When OPEC’s supply standoff initiated oil’s price slide last November, few foresaw just how quickly the commodity’s value would plunge. Equally surprising was how rapidly Canada’s economic policy makers reacted with a January rate cut that caught many – including the big banks – off guard. Now, as the next Overnight Lending Rate announcement looms on March 4th, borrowers and economists speculate whether the Bank of Canada has more “economic insurance” in store.
Inflation’s Slump Hikes Chances
The likelihood of another rate cut hovers at 53 per cent according to overnight swap pricing, and worsening economic factors provide additional rationale; oil’s prolonged drop is feared to push inflation levels to negative territory in the first half of the year. In a speech this week, Bank of Canada Deputy Governor Agathe Côté stated the BoC anticipates inflation to fall as low as 0.3 per cent or below in Q2 before recovering moderately to 1.2 per cent by next winter.
Côté affirmed low inflation was a significant contributor to the BoC’s January rate decision, stating, “The cut in policy rate is intended primarily to provide insurance against the downside risks to inflation.” And oil can’t be blamed entirely for inflationary failure. Consumers are simply spending less – even during the busy holiday season – with the lowest December sales numbers reported since 2010.
Jobs are another key ingredient in the monetary policy mix, but performance has been less than robust. Early-month revisions released by Statistics Canada show 2014 job gains were over-reported by a third, driving the unemployment rate to 6.7 per cent from 6.6. With only 121,300 positions added, 2014’s job gain numbers are the smallest since 2009.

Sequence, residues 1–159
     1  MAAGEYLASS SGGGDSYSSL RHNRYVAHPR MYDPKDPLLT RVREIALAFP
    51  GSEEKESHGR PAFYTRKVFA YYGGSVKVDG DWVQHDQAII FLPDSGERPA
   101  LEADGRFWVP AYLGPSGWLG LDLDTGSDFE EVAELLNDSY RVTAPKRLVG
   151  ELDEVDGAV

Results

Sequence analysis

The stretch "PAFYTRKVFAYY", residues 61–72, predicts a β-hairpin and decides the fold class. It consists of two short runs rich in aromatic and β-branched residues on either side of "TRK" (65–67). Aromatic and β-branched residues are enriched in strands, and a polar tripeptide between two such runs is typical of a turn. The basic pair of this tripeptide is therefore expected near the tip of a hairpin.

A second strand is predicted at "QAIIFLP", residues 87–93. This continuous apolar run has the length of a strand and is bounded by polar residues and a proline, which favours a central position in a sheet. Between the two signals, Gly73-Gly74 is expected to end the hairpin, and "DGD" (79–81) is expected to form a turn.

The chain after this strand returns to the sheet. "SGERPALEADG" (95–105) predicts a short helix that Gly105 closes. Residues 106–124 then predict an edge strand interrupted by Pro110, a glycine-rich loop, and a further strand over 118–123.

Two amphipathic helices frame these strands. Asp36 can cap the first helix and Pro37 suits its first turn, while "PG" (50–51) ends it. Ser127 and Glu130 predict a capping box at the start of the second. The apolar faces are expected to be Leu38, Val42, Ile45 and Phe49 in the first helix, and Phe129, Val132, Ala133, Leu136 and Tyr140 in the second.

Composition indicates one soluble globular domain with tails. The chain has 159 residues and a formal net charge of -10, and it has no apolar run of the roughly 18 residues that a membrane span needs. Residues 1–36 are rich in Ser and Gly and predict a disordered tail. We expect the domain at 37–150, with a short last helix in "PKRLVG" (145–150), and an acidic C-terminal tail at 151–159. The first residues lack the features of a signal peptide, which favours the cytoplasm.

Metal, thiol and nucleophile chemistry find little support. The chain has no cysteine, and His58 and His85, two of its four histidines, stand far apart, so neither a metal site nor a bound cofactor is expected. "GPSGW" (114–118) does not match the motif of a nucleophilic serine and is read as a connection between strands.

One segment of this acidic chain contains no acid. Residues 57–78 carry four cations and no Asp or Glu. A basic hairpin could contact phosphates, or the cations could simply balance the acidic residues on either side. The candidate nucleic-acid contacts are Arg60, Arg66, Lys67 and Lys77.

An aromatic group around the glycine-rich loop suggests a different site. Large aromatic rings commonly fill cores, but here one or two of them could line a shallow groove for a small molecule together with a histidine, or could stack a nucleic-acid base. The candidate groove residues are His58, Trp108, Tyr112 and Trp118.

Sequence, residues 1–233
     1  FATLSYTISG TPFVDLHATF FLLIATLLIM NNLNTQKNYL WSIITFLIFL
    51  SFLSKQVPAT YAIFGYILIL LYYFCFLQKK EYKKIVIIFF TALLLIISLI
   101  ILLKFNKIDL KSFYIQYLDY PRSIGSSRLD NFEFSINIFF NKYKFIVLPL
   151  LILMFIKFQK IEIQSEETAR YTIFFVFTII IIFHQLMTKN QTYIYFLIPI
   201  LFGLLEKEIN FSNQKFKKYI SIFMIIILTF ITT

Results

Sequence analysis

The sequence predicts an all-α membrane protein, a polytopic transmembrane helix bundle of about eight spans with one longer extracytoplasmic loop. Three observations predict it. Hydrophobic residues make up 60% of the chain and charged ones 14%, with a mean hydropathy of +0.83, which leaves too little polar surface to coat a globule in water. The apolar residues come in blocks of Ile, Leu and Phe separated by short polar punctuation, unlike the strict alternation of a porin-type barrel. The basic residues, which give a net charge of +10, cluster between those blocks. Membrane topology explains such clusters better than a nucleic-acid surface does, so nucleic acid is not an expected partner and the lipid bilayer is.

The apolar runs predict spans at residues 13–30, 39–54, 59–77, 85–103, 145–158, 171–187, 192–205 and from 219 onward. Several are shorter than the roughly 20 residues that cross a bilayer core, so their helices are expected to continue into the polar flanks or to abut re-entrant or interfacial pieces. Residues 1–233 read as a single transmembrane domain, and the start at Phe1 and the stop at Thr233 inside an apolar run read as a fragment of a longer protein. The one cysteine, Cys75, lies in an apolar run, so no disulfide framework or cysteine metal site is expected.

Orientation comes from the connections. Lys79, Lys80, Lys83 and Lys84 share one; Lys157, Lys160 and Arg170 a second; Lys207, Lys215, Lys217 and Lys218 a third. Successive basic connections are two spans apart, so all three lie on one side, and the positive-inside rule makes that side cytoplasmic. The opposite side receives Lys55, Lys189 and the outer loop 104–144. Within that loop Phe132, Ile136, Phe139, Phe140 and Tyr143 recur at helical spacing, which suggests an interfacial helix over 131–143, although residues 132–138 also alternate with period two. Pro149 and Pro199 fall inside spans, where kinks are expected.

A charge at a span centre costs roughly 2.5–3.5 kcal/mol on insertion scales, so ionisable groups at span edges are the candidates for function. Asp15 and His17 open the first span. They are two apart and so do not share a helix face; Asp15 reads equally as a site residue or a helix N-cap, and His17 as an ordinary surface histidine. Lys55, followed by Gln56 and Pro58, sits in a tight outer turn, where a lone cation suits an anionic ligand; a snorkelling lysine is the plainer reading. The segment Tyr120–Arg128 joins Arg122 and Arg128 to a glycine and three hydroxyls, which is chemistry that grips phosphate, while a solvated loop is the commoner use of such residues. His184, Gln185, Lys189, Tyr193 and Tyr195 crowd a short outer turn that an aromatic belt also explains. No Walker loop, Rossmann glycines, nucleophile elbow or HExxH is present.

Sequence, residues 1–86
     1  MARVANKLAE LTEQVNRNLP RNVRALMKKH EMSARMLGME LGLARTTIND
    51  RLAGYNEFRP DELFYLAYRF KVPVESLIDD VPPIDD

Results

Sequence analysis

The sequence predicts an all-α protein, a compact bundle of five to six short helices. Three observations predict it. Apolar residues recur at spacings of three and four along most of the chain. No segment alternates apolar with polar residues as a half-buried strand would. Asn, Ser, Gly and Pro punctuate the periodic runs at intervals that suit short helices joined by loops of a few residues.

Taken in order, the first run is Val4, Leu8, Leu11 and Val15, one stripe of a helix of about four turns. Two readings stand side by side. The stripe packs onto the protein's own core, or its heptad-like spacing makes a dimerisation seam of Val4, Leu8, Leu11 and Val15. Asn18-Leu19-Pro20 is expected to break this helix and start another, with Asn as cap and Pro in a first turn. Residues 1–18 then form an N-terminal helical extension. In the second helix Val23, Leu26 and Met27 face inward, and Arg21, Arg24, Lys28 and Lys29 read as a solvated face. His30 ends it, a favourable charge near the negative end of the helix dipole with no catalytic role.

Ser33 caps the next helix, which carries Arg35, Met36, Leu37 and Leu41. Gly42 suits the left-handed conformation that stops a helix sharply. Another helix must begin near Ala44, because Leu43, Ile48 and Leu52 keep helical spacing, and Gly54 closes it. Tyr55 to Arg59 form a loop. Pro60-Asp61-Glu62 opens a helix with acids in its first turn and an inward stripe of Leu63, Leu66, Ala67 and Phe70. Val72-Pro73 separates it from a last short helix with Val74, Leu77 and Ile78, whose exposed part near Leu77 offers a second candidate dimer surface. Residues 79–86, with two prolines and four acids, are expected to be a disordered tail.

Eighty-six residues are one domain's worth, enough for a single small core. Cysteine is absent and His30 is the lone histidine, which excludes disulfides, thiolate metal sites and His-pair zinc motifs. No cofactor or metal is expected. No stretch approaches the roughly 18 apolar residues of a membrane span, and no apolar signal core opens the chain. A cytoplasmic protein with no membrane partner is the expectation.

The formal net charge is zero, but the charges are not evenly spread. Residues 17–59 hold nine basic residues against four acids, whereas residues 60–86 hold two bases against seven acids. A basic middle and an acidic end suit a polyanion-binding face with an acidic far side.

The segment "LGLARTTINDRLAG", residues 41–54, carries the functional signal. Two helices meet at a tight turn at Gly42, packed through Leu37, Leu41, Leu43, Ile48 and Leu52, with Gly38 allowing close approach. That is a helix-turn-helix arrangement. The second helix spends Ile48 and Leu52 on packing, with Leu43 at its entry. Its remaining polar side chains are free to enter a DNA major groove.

A History of Cuts
Precedent shows that when the Bank of Canada goes into rate-slashing mode, it doesn’t stop at one; the last series extended from 2007 to 2010, and saw the central rate drop from 4.50 per cent to a low of 0.25 in April of 2009. The purpose of these cuts was to provide a buffer against the global recession, encouraging Canadians to continue borrowing and avoiding a credit crunch. Once Canada began to recover, the Bank edged the rate back up to an eventual one per cent in September 2010, where it remained until this January.
It’s not clear whether today’s economic conditions warrant that drastic a drop; while oil’s fallout will have significant implications for many aspects of our economy, the Bank of Canada has expressed optimism that prices will rebound. As stated in the January rate announcement, “The Bank’s base-case projection assumes oil prices around US$60 per barrel. Prices are currently lower but our belief is that prices over the medium term are likely to be higher.”
Will Banks Cut Prime Again?
The reality is there is simply less room for policy makers and banks to manoeuvre in today’s ultra-low borrowing environment. Rates have been historically low for the past two years. Hyper-competitive mortgage pricing has become the norm for today’s home buyer, with today’s best five-year fixed options in the 2.5 per cent range. With the traditionally hot spring buying season just around the corner, lenders are sure to race with their discounts, but it’s just a 250-basis point drop to absolute zero.
What will be interesting is how quickly Canada’s FIs react to a March rate cut. They were infamously slow to adjust their Prime rates in response to the BoC’s January mandate, taking up to a full week to implement a partial 15 per cent discount. While they are certainly cautious to protect their profit margins amid an already razor-thin spread, it can be argued they simply didn’t foresee the BoC’s last surprise move. Perhaps they’ll be more nimble this time around – especially as customers are keen to see the discount passed on to them.